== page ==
Here we go again. Another woman in Britain is facing a police investigation – and potentially, a jail sentence – because she wrote things online about sex, gender and a person who changed gender.
So far, so familiar, but this tale has a significant feature. The woman is a journalist. A British police force is investigating a journalist over words that she published.
Pro-tip for Marti Buscaglia: She may want to just stop talking to the press. She’s not making it better and now that there’s an official investigation into her conduct, it’s time for her to just clam up for a bit. In fact, taking a quick vacation to Hawaii would be advisable.
Buscaglia, the executive director of the Alaska Human Rights Commission told a reporter on Friday that she simply wasn’t sure:
Was the “Black Rifles Matter” truck decal free speech or hate speech?
Since she wasn’t sure, she took action to regulate it as hate speech in a parking lot on A Street that is leased by the State.
Marti Buscaglia is the sort of person who in the old Soviet Union was happy just doing their job – running Gulags. It’s a peculiar personality that is well suited to work at “Human Rights” commissions.
VANCOUVER—An event featuring controversial far-right speakers is now in limbo as a conflict between two UBC student groups this week continues to escalate, prompting the planned venue to pull out Wednesday morning.
The event was planned by the UBC Free Speech Club, which has gained attention since its inception in 2016 for bringing in far-right speakers. Friday’s headliners were to be Lauren Southern and Stefan Molyneux, who have been widely condemned as racists, fascists and white nationalists.
Max Pechstein – Poster for periodical An die Laterne (To the Lamp Post) – 1919
Pechstein, one of the most politically engaged artists of the early postwar period, made this poster to advertise the short-lived journal An die Laterne (To the lamp post), which promoted the incumbent Social Democratic Party. Its image of clenched-fisted, flag-carrying protestors—probably communists—marching past a man hanged from a lamppost was a warning against the mob violence and anarchy that threatened to destabilize the fledgling Weimar Republic.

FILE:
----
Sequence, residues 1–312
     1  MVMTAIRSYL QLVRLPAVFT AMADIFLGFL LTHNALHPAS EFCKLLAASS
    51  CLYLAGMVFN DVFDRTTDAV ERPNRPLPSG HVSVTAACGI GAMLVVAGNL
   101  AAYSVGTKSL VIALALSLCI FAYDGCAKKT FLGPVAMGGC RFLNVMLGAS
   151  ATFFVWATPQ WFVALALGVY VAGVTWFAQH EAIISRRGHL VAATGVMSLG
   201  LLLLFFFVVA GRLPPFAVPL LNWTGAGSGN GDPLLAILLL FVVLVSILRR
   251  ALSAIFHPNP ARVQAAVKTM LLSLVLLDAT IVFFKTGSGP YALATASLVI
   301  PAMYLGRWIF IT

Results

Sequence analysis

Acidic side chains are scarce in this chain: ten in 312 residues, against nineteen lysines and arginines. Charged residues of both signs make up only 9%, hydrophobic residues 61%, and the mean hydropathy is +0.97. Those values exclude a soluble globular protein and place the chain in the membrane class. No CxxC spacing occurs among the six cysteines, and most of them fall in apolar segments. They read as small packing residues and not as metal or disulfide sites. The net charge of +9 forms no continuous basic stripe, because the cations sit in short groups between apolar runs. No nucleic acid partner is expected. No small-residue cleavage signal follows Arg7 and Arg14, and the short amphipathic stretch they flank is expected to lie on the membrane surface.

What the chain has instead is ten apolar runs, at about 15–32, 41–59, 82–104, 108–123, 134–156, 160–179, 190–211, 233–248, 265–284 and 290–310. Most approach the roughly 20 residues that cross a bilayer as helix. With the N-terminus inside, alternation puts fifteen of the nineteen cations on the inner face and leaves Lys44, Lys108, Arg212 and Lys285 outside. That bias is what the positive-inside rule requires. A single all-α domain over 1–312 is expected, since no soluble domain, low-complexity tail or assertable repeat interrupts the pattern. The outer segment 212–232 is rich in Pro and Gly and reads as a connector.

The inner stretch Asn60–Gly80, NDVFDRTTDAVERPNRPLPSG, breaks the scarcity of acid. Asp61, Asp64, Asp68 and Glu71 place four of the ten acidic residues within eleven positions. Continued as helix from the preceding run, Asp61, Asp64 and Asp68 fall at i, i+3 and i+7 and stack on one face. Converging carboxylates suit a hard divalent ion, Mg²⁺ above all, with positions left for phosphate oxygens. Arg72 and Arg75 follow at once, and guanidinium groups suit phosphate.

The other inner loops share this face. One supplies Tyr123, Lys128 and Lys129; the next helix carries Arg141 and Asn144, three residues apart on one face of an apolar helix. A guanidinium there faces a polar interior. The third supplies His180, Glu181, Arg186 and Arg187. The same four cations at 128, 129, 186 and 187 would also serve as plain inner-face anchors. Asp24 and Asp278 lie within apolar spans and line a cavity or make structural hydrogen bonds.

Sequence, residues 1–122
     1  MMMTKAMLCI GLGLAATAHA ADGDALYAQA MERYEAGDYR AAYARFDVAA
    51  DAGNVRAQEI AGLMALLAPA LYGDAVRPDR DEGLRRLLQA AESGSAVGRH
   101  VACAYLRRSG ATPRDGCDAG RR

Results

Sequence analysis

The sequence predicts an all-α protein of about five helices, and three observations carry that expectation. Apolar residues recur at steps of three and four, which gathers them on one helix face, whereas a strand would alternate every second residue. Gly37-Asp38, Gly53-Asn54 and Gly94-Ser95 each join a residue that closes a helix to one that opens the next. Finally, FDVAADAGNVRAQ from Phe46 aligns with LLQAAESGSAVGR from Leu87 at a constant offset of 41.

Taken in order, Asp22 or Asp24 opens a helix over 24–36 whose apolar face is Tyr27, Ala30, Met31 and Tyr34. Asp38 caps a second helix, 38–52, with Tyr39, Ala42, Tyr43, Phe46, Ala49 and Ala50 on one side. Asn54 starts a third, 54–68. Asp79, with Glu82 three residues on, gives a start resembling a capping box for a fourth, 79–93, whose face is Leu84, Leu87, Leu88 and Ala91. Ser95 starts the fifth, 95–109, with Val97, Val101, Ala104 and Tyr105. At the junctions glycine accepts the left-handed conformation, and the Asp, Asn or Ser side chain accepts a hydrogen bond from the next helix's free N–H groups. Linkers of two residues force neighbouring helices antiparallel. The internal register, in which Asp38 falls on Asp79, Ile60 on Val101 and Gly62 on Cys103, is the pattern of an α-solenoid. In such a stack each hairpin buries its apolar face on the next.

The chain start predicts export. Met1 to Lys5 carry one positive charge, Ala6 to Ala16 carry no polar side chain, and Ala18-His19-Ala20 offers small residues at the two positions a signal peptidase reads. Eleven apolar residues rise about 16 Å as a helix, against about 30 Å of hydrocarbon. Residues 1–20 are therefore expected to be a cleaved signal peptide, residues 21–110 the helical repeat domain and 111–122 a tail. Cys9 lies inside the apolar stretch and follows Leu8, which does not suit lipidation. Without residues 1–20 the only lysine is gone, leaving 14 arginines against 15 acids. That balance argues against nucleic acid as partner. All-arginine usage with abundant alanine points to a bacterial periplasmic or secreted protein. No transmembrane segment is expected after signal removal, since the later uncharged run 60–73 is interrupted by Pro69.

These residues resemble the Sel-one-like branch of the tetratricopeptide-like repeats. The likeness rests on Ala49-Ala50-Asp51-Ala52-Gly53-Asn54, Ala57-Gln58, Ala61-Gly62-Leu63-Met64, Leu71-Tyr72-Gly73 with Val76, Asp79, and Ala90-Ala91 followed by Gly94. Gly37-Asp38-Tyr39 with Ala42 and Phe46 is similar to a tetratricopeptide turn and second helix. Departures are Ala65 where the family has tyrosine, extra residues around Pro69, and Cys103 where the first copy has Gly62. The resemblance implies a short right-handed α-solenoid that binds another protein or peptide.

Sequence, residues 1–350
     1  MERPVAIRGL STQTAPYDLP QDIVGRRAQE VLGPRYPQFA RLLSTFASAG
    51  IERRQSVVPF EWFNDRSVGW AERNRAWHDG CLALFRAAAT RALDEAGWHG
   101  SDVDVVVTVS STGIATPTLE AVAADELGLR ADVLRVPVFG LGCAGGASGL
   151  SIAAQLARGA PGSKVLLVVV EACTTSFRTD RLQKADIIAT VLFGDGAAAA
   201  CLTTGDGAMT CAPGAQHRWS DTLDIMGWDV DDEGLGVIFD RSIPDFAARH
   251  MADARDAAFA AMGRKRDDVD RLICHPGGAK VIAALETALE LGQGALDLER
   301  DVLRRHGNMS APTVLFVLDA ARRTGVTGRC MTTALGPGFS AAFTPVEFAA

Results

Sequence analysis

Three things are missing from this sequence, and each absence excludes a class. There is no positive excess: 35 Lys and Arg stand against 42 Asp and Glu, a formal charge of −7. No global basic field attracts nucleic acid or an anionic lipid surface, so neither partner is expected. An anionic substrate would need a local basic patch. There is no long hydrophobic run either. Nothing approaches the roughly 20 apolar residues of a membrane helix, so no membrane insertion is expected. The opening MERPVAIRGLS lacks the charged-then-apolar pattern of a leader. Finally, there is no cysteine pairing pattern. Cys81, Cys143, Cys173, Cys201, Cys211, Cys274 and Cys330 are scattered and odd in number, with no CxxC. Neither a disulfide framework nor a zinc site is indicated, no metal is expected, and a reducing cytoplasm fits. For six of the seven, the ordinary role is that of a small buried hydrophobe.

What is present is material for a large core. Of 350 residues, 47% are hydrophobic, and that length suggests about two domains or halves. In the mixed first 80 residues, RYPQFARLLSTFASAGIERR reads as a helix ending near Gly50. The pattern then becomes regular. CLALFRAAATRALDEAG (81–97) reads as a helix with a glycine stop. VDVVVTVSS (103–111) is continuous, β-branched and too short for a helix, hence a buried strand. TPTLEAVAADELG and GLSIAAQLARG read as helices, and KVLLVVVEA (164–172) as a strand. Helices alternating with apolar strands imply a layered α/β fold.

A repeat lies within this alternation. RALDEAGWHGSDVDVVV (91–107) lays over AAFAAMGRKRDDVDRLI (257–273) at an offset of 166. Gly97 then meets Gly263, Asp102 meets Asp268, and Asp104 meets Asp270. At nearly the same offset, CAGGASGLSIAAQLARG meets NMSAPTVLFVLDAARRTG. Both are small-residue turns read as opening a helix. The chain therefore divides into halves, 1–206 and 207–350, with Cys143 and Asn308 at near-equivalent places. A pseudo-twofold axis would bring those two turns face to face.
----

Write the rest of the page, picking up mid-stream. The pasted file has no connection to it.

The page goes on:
The announcement claimed that the Hellenic community still stands by the principle of free speech but the decision was made with the safety of its members in mind.
“User-generated platforms would look completely different from what we know today” warned Dr. Stephan Dreyer, at the Leibniz Institute for Media Research. Article 13 of the EU’s new directive on Copyright is under sustained criticism from media experts and campaigners, warning of a risk of unintended censorship with no working exceptions for satire or small businesses, which could lead to a filtering of legal content and a further monopolization of the internet.
Although the initiative has strong support from publishers like the Axel Springer Group, and copyright agencies like the German GEMA service, Media Rights experts from the Science Media Center Germany have issued a warning about the consequences of the legislation on freedom of speech and in particular satire.
Way back in the old days, the Left used to accuse conservatives of being against free speech and open debate. They would say the Right was in favor of burning books and heresy laws. When conservatives rose to power in the 1980’s, it was time for them to “own the libs” by pointing out that the Soviets banned books, threw dissidents into gulags and banned speech critical of the state. Aleksandr Solzhenitsyn became a celebrity among conservatives, as an example of how the communists suppressed speech.